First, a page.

The Green Room: What does the audience contribute to a performance?

Audience participation features prominently in performances by touring Shakespeare troupe the Handlebards.

Meet our panel: We have given our panellists pen-names and used stock images but their biographies reflect their real career details...

Albert_Parker

Albert Parker is 60 and has appeared as a regular in soaps, two BAFTA award winning sitcoms, theatre and TV

Vivian Lee is 38 and has played leading roles at the National, the RSC and the Royal Court, alongside regular TV appearances

Adam Lovett, 45, has appeared in Oscar-winning films, on TV and in theatre at the RSC, National Theatre, and the West End

Josie Woo is in her 30s. She started acting as a teenager and has since worked extensively in theatre

Beryl Phoenix is in her 40s. She has played leading roles at the RSC, worked on new plays and toured both national and internationally

Ros Clifford is 30. Currently a deputy stage manager, she has worked extensively in London and regional theatre for nine years

 

Albert Our wages!

Vivian A show doesn’t exist without an audience. It’s as simple as that.

Albert Having an audience is the reason what we do is called ‘acting’. Otherwise it would just be called ‘being’. `Everything comes alive when you feel you’re being observed.

Adam Who wants to do stuff nobody watches?

Jon You’re all being admirably existential on this topic – I was thinking more of the ways audience behaviour can affect the show on stage, in performance.

Albert Acting without an audience is a little bit like sex for one. You can do it, but there is no real pleasure in it.

Vivian Imagine a comedy without the audience...

Albert Yes, being up there playing comedy with an audience that is unresponsive, too well fed or too critical is no fun.

Beryl The audience is often the ‘missing character’, especially in a comedy. They can dictate rhythm – that’s not always welcome but without them there’s no point.

Josie The energy of the audience can affect the show and individual performances massively, particularly in more intimate venues, whether we want it to or not.

Albert The audience can change the whole tone of the show. They can give you a boost; give you confidence; pull you down; or make you feel inadequate and dreadful. Quite often they can do all that without making a sound.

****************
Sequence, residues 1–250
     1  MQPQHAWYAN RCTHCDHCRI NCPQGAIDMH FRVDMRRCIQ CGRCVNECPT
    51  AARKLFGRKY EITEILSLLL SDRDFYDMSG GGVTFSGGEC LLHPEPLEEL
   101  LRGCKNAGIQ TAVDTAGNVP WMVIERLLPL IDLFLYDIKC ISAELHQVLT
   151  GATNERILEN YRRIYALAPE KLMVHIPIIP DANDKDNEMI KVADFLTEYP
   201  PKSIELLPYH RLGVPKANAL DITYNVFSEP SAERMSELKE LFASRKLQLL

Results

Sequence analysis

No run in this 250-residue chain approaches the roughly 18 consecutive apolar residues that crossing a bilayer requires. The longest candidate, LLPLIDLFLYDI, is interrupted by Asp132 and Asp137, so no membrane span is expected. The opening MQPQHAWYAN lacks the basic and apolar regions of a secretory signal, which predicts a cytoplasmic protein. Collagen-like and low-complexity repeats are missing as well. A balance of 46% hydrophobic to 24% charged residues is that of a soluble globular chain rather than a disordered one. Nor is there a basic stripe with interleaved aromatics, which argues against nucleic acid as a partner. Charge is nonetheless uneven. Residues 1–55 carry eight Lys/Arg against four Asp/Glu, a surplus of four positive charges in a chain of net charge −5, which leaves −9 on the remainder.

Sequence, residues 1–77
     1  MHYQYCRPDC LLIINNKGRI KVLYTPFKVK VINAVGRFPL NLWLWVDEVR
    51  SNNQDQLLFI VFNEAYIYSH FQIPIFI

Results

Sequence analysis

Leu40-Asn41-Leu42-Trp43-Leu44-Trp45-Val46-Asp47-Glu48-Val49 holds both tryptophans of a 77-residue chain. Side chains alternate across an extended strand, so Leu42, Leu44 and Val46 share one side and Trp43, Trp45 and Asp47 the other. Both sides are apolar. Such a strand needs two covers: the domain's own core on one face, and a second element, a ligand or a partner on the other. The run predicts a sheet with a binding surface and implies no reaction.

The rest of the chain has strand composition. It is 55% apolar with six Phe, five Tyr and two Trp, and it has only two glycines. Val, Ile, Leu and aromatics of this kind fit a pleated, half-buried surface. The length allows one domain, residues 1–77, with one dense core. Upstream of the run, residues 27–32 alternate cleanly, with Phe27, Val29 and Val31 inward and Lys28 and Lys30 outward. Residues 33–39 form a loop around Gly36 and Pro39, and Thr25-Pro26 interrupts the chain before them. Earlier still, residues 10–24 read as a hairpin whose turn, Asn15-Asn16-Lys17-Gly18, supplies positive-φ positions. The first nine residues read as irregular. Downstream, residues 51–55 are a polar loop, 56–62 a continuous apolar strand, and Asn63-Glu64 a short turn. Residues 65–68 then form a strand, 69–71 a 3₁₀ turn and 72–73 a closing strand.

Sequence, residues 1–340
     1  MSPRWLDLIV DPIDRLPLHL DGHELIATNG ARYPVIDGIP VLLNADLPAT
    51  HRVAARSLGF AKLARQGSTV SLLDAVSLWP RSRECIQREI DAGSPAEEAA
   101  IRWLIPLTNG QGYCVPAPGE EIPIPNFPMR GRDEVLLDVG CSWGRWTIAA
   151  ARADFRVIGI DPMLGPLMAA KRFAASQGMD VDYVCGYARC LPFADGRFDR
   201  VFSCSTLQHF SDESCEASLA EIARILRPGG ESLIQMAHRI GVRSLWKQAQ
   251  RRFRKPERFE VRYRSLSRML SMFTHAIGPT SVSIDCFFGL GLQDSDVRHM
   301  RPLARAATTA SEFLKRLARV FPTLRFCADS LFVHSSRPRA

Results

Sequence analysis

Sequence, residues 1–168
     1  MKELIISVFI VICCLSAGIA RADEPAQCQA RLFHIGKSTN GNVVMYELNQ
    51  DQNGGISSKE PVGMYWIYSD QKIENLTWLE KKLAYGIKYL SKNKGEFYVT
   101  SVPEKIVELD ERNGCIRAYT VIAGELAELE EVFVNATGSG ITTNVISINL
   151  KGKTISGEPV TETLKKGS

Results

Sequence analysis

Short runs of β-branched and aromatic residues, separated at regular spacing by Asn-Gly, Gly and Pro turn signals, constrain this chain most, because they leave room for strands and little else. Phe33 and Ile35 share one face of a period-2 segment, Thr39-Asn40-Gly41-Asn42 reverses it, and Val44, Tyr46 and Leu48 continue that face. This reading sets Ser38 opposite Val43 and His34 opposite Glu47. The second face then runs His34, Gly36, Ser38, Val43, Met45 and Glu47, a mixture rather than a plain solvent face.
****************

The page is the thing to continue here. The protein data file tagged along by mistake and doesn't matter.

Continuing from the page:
Josie It all goes hand-in-hand with live performance and a shared experience – some of the best moments are when the audience is with you and you can hear a pin drop.

Adam There is a contract between audiences and actors. We all say unequivocally that we need them, but if they start to chat or answer phones or rustle sweets, then I get furious.

Josie Yes, they can also be incredibly distracting, as anyone who’s familiar with school matinees will know.

Albert Quite often I don’t think we notice audience behaviour in those terms when we’re on stage. One certainly notices it when being an audience member, though.

Jon I don’t care about drinks being taken in, for example, because I’ve never been distracted by someone’s drink.

Albert In the 1980s at the Other Place in Stratford, we started the show with two audience members having quite a vocal disruption in the gallery. The lead actor just turned to them and said: “Shall we all just stop and watch you?” They soon shut up, and we had to reset and start the show again.

Adam Do you feel the show lifts if you’ve got a ‘good’ audience in? Or is that just something that happens in actors’ heads?

Jon And equally, do we often blame the audience for subpar performances? “Ooh, they’re sticky tonight.”

Ros A good audience definitely lifts a show. I did a farce at the beginning of this year and the nights we had a good audience had a completely different feel. I always make a comment about the audience in my show reports – the creatives are interested.

Adam I did a show in the West End a few years ago. At half time a sweet South Asian lady asked one of the ushers: “Excuse me, when does the Phantom come on?” She had a ticket for Phantom of the Opera but had come into our theatre by accident. Bless her, she went and watched the second half at Her Majesty’s. Now that’s a night at the theatre!

Albert I had an audience last week for a play that was absolutely quiet throughout – not a titter – and yet they loved it.

Vivian I saw Our Lady of Perpetual Succour in the West End the other week, and the audience was a treat. It didn’t seem like a ‘normal’ audience. There was a proper mix of ages, they were drinking, they were nipping out for the loo, they were late for the curtain up… but it didn’t interfere once with my enjoyment.

Albert It sounds like having to go and see the Rocky Horror Show on speed.

Vivian It really wasn’t. It was great. Very moving, very quiet, very beautiful. It added to the communal feel of the experience. They were all enjoying themselves immensely, but not in a hen-party way, in a real listening and feeling kind of way.

Albert I once went to see Dirty Dancing on a bank holiday Monday evening. I think the whole of Lakeside Thurrock had emptied en masse to fill the theatre. It was horrendous: wall-to-wall chat, alcohol, sweets, sex aids and very little focus on what was actually happening on the stage.

Jon We’re focusing a lot on London here. Are audiences different in different places?

Ros I think so. I’ve seen some shows fly in certain venues but totally flop in others. The last time I toured, the show received a very different response in its first venue in Wiltshire to the last in London.

loading...
^